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U.N. running out of food aid for Somalia
By Ariel David
Sunday, November 8, 2009
ROME -- The United Nations says it is running out of food for millions of starving Somalis, in part because the United States is delaying aid amid fears it could be intercepted by militants linked to al-Qaeda.
Last month, the U.N. World Food Program began cutting rations by up to half for some people in the lawless, impoverished East African nation, and it will run out of supplies in December, the Rome-based agency said Saturday.
"WFP's food assistance supply line to Somalia is effectively broken," said Peter Smerdon, a spokesman for the agency in Nairobi. "The pipeline break is partly because [the U.S. government] has delayed U.S. assistance to Somalia."
The U.S. State Department confirmed it had concerns that militants could get their hands on humanitarian assistance and had suspended food shipments.
"Renewal of some U.S. non-food humanitarian programs was delayed while we reviewed conditions on the ground and their impact on our programs," said Laura Tischler, a State Department spokeswoman.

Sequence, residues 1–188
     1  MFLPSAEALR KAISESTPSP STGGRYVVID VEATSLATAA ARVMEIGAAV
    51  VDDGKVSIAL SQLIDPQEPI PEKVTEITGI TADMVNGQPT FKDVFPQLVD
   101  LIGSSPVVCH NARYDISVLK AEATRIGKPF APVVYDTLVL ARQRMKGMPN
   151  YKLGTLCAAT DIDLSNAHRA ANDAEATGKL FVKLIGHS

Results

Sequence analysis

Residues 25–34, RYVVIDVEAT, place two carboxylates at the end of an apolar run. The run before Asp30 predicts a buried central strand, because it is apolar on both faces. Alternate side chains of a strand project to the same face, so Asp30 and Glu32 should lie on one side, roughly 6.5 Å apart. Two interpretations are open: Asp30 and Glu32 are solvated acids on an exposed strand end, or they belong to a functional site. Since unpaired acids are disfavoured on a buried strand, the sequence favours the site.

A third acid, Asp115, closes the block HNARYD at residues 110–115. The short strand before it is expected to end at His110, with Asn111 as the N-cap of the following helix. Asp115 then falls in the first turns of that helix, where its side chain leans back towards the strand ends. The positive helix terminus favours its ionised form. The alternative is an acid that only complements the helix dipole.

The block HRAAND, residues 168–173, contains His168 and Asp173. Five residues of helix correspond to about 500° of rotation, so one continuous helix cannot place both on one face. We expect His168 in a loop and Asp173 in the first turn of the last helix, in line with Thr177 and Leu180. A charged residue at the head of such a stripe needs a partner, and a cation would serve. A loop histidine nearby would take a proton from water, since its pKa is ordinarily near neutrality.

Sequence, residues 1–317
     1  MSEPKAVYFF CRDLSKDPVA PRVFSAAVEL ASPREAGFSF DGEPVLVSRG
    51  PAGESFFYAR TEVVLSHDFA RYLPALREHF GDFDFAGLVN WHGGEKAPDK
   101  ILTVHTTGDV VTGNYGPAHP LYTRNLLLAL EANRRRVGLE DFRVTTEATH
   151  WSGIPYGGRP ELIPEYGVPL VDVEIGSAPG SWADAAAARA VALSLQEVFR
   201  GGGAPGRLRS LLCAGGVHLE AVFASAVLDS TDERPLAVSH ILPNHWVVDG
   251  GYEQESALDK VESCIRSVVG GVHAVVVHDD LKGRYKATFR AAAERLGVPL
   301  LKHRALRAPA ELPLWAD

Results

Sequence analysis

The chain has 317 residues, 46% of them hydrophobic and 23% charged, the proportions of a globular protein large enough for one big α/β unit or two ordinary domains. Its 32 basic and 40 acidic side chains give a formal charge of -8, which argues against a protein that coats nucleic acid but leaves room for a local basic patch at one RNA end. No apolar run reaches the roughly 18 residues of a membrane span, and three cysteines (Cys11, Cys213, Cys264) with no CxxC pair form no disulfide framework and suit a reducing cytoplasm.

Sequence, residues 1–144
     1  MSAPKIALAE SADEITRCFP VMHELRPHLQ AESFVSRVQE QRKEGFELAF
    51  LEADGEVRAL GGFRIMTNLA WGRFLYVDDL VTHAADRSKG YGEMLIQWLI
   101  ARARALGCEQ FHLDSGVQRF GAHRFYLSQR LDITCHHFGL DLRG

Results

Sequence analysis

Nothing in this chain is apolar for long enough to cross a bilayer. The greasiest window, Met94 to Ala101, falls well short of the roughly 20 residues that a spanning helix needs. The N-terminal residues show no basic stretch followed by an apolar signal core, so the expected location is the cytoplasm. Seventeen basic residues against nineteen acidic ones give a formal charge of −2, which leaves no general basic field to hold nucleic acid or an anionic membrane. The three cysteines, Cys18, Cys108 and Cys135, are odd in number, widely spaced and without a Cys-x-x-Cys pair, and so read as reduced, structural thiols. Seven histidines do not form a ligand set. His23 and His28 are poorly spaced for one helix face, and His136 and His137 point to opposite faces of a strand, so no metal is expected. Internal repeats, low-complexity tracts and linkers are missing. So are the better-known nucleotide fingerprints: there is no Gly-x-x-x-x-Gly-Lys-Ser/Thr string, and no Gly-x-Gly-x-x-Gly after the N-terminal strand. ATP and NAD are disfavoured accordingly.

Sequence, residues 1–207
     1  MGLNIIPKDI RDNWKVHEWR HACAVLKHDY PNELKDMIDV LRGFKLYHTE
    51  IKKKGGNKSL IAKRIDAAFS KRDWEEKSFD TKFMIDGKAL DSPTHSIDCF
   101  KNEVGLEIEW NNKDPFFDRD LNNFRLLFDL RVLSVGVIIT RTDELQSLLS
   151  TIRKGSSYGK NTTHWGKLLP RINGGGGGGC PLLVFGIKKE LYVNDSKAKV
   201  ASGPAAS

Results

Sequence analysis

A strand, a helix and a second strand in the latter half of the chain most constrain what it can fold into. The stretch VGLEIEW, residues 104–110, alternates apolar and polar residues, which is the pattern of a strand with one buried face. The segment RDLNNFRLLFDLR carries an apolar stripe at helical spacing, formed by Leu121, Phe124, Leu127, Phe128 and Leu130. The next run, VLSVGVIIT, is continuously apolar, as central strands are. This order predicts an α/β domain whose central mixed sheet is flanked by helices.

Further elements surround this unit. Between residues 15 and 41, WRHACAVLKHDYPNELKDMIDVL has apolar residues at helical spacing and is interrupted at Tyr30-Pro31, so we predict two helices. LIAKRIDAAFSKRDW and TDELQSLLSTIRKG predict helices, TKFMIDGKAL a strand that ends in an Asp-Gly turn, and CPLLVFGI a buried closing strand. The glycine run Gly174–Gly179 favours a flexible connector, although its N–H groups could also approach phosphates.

"U.S. food aid deliveries to Somalia were temporarily suspended while we conducted our review," she said. "However, the food aid pipeline for Somalia has not been broken."
The aid shortfall was first reported Friday by the New York Times.
Other factors contributing to the problem include a drop in donations caused by the world economic crisis and an increased need for aid across the Horn of Africa, Smerdon said.
The United States is the U.N. Food Program's largest donor, providing about half of the food aid the agency delivers to 2.2 million people in Somalia. The country has been crippled by 18 years of civil war, an Islamic insurgency, high food prices and drought.
Smerdon said that representatives from the United Nations and other humanitarian agencies were discussing with U.S. officials and other donor countries measures that would prevent aid from being diverted to al-Shabab, the Islamist militant group that controls much of southern Somalia.
"WFP understands the concern of the United States and other donors regarding the appropriate utilization of resources in Somalia," Smerdon said. "We remain hopeful that the United States will continue to fund food relief programs in Somalia, understanding the difficult and complex political and operational environment in which agencies such as WFP must work."
-- Associated Press
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